Squash in Winter: So Many Varieties, So Many Interesting Tastes
I have a confession: I prefer mashed winter squash to mashed potatoes. Mashed potatoes are reliable, but they can be bland and mealy unless augmented with prodigious quantities of butter, salt and milk. Winter squash are blank canvases that can show off a wide range of cuisines.
Winter squash can be flavored with spices, sweets or salt (or all of the above), roasted or cooked in soup, cut into fries, used in pasta dishes, risotto or pies. Although each variety of winter squash has its own subtle taste, at their best their flavor reminds me of roasted hazelnuts or walnuts, with a hint of sweetness.
They can be stuffed with grains, nuts and fruits, or other vegetables. They’re economical to buy, they store well, and they’re high in fiber and vitamins A and C. The only burdensome part is peeling them if you’re using them for soup; and ridding them of their fibers and the seeds, which themselves can be baked and eaten. If you’re roasting them, you can spare yourself the peeling and scoop out the flesh after it’s baked, or eat it, both flesh and skin.
The squash I cook most often are the butternut, the acorn, the delicata and the buttercup, all of which are easily adapted to any winter squash recipe. Hubbard squashes, the enormous gourds with a skin like steel, are more trouble than I want to take. The butternut has a particularly fine, satiny texture for soup, and acorn, delicata and buttercup squash are well suited to roasting. When you fill a roasted squash with, say, cooked barley and dried fruits, you have a meal in itself, or a side dish.
Delicata and butternuts are fairly easily peeled with a good vegetable parer. Buttercups have such bumpy, uneven, tough skin that the best way to deal with them is to cook them until they soften and then peel them, or scoop out the flesh.
Stuffed Winter Squash
This is an easy meal to make, although it requires a few steps. The barley is cooked ahead of time and then augmented with dried fruits and nuts. The squash is then stuffed with the barley mixture and heated in the oven. What I like about this dish is that you can improvise a mix of flavors and textures by incorporating seeds, fruits and spices.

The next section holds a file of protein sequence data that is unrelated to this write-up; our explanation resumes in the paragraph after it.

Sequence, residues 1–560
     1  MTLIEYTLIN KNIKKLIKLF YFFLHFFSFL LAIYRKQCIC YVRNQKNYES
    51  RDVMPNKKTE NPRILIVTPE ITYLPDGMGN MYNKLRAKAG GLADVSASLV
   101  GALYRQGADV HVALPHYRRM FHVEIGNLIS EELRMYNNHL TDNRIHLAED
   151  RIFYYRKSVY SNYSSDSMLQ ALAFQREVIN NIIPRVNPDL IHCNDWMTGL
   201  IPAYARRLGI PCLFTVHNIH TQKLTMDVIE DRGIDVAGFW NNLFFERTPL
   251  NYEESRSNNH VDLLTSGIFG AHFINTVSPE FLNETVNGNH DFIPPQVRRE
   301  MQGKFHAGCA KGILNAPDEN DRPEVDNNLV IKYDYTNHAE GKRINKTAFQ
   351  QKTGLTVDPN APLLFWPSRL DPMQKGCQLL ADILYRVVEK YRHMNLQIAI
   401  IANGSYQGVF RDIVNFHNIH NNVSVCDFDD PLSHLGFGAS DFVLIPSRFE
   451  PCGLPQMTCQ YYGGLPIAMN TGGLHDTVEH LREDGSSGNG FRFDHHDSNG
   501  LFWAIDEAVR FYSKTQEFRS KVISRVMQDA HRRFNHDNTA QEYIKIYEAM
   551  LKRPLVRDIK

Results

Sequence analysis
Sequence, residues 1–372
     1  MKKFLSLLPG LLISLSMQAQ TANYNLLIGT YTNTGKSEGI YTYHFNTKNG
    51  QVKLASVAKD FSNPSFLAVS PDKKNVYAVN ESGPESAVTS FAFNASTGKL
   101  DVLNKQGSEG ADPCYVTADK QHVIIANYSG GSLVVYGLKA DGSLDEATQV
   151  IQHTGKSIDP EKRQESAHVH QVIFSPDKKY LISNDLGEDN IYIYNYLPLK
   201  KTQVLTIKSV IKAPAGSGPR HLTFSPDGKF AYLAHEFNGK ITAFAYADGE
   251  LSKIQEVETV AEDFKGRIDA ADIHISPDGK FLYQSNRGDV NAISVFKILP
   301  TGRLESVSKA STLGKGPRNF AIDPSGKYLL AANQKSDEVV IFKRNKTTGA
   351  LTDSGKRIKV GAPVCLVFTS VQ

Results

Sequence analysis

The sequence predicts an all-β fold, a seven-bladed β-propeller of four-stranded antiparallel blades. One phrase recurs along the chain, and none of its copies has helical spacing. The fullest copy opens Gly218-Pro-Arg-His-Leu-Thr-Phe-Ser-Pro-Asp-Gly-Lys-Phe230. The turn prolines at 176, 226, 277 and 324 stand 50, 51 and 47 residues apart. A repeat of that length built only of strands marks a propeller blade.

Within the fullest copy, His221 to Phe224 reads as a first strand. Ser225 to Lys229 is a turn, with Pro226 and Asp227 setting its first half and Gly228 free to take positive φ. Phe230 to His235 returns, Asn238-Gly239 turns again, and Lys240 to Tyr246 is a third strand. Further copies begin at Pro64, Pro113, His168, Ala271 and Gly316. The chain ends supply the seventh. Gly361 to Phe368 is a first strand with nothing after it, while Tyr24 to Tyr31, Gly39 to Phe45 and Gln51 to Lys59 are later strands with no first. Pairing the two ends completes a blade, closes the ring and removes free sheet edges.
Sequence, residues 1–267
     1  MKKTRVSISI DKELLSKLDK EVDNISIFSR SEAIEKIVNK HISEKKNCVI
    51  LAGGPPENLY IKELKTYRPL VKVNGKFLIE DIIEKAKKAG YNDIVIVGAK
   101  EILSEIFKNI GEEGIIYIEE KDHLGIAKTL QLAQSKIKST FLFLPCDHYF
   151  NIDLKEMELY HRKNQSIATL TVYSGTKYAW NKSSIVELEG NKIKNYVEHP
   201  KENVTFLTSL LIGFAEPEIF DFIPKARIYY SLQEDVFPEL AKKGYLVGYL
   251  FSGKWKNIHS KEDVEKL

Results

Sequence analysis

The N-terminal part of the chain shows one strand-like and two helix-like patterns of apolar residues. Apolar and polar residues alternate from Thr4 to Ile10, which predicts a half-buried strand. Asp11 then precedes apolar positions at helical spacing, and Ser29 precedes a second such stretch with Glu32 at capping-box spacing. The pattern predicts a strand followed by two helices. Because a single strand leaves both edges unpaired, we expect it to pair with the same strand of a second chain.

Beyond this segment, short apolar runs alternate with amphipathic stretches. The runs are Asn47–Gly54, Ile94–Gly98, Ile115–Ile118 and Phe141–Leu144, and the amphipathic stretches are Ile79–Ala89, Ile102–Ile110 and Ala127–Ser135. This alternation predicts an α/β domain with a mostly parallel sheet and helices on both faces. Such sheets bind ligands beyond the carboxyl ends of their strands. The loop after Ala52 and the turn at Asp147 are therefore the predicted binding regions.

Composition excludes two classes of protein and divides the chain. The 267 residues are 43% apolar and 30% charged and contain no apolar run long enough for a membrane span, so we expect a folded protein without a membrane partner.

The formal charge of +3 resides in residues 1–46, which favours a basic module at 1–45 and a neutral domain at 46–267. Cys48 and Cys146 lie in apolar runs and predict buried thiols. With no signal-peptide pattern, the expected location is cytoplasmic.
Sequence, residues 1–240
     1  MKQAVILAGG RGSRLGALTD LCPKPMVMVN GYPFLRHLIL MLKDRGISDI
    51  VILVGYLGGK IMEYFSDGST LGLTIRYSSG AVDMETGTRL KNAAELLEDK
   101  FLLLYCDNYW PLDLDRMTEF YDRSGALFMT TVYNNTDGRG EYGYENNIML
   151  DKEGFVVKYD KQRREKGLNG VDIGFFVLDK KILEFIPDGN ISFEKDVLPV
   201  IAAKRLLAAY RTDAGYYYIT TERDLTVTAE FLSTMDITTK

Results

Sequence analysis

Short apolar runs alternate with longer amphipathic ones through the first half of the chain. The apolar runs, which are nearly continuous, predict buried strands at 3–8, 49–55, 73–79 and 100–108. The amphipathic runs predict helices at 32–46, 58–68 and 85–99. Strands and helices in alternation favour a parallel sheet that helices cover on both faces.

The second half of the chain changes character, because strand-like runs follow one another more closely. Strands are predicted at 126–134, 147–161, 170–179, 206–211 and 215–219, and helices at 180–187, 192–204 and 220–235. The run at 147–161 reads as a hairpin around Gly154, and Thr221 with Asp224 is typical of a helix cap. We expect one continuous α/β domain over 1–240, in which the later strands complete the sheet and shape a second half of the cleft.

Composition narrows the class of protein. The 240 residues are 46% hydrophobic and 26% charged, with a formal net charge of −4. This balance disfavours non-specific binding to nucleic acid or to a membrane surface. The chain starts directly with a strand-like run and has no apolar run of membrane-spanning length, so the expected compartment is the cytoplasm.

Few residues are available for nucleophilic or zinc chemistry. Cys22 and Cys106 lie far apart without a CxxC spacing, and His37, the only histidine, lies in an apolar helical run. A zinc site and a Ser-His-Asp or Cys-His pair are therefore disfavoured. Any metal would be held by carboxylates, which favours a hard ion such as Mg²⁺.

1 buttercup squash. The buttercup is a large green squash shaped like a wheel of cheese. Its flesh is dense and rich in flavor. Halve the squash, and scoop out the fibers and seeds.
1 tablespoon olive oil
1 medium onion, diced
2 cups dried barley
4 cups water, or vegetable or chicken stock
2 apples or pears, cut into medium-sized chunks
1/2 cup dried sweetened cranberries or cherries
1/2 cup walnuts, hazelnuts or almonds, optional.
1 teaspoon fennel seeds, and then one tablespoon fennel seeds.
pinch nutmeg, cinnamon, cardamom or coriander, to taste
salt and pepper
In a saucepan with a cover, add the olive oil and heat gently. Add the diced onion, the teaspoon fennel seeds and saute until the onion softens. Add the dried barley and stir to coat it with the oil and fennel seeds. Add four cups water or vegetable or chicken stock, and bring to a boil. Lower to a simmer, cover and cook for 20 to 30 minutes, or until the water is absorbed. Let stand, covered, for 5 minutes. Then fluff with a fork.
Heat oven to 350 degrees.
Now add to the cooked barley the cut apples or pears, the dried fruit, the nuts, the fennel seeds, the pinch of spice, and salt and pepper to taste.
Cook in a 350-degree oven for about 2 0 minutes. Cover it with foil for the first 10 minutes, and then uncover it for the last 10 minutes so it browns nicely. If you want to moisten the top, you could drizzle a little olive oil, or put a pat of butter on top to melt as the squash heats.
Nicola Smith can be reached at firstname.lastname@example.org.